The standard leaning post has a reversible backrest that locks in four positions and a cooler is underneath. There’s also an option to add another livewell.
We measured 23” (58.42 cm) of cockpit depth at the stern that increases to 25” (63.50 cm) inches farther forward. For added safety, there are low-profile grabrails fore and aft and on the side of the console. The gunwale cap rail measures a minimum of 6” (15.24 cm) wide and has non-skid all around.
Whaler designers used D-rails that are integrated into the console to support the hard top. Though more expensive to manufacture and install, they help create an unobstructed, 20” (50.80 cm) walkway space on either side of the console that is among the roomiest of many larger center consoles we’ve tested.
The helm’s dash has enough real estate to mount a 12” (30.48 cm) multifunction display (MFD) in front of the operator and another 9” (22.86 cm) MFD to the right (our boat had a glove box) with enough room left over for a VHF radio, a Fusion Stereo head unit, Mercury VesselView display and an accessory panel with lighted rocker switches.
On top of the console is a recessed area covered in SeaDek that’s perfect for tossing loose items like cell phones and wallets. There are two USB plugs: one for charging and another to connect with the stereo and there’s also an induction charging plate for newer smartphones.
Our test boat had the optional hardtop that was color-matched to the hull’s Glacier Green gelcoat. There are four other gelcoat colors available including the standard white and 11 painted hull color options. The supports are powder-coated, and an owner has a choice of white or black. The hardtop has an overhead light, readily accessible storage for life jackets and four rocket-launcher style fishing rod holders along with a ski tow attachment in between to add to this boat’s versatility.
Access into the center console’s 52” (132.08 cm) high head compartment has been improved by widening the top of the door to 18” (45.72 cm) so the shoulders fit though more easily and there’s a standard Porta-Potti with pump-out within.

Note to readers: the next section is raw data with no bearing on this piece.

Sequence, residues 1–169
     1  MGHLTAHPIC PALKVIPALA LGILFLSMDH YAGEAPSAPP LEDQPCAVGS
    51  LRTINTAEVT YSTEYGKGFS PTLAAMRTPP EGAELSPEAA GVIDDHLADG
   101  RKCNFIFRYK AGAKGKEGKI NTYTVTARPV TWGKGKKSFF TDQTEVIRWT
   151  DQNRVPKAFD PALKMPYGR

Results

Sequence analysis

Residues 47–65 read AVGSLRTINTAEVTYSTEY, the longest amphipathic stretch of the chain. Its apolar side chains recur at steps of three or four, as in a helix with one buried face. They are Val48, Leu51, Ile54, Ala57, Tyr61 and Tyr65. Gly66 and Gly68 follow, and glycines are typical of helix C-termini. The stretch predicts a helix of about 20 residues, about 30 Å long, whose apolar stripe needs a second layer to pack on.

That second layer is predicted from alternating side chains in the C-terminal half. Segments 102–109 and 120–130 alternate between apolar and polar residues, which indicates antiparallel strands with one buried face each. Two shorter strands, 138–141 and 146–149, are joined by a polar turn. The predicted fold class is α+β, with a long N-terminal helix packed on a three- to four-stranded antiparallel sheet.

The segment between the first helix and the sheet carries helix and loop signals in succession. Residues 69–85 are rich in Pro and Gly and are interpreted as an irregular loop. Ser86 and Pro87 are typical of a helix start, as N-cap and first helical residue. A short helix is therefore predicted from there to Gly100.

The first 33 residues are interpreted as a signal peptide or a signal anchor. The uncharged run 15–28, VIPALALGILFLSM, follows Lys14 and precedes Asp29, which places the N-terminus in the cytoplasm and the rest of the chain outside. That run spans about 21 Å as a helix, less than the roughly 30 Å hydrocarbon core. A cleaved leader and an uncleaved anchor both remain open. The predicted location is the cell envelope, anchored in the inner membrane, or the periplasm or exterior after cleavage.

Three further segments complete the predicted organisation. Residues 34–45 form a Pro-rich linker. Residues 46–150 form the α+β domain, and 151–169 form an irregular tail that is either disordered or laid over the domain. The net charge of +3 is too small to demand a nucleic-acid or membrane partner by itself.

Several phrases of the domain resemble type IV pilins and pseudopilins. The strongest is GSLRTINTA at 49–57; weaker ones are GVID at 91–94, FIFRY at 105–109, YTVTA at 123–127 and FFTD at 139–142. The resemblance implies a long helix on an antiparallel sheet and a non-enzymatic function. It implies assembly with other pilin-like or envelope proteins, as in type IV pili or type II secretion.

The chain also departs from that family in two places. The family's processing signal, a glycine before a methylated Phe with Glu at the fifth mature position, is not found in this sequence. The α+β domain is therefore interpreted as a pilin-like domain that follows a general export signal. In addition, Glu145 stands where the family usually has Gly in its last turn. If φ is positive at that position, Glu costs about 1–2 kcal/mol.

The Forward Lounge
In front of the center console is a new double-wide loung with flip-down armrests, which is a feature usually found only on much larger boats. The lounger creates a 27” (68.58 cm) x 30” (76.20 cm) storage compartment underneath that is tall enough for scuba tank storage racks and has a fishing rod butt holder for storing rods up to 7’ (2.13m) long (the tips protrude into the head compartment).
All of the upholstery has been upgraded on the 250 Dauntless and features denser foam for better support along with more upscale vinyl and double stitching.
At the bow is another sun lounge fitted with only two cushions that can be removed to form a large bow casting platform. There is a pair of flip-up backrests to form chaise lounges and unlike many boats, there’s enough backrest angle for extra comfort, which is true of every seat on this boat.
Underneath the cushion is a large insulated compartment that’s perfect for holding the catch of the day. There’s an anchor locker but we’d like to see a cradle to prevent the anchor from scratching the gelcoat-finished interior. There’s also no bow cleat for tying off the anchor line but this can be remedied by ordering the optional bow roller. An optional sunshade, supported by carbon-fiber poles, keeps the bow section cool on blazing days and is recommend for family use.
Options to Consider
- All Activity Tower w/ski and wakeboard racks, casting platform and watersport tow point
- Bow table
- Power-Pole shallow water anchoring system
- Bow and stern fishing seats
- Lenco trim tabs w/lighted indicators
- Raw water washdown
- Freshwater shower w/12 gal. tank
- Mercury Active Trim
- 350 or 400 hp Mercury Verado outboard upgrades or downgrade to 250 hp
- Choice of Raymarine electronics
- Mercury VesselView display
Kudos to Boston Whaler for offering such a wide range of power. While 250 seems like too little, 400 hp seems like overkill. Although the Verado 300 was a good match, having 350 hp would push this boat’s top speed into the 50s and would give the extra performance needed if the passenger load came close to its 10-person maximum. Because of the superior flotation designed into all Boston Whalers that give them level flotation when swamped, the 250 Dauntless is a great choice for safety-conscious buyers. This boat will appeal to casual inshore anglers and will give them the confidence to go offshore when conditions are moderate.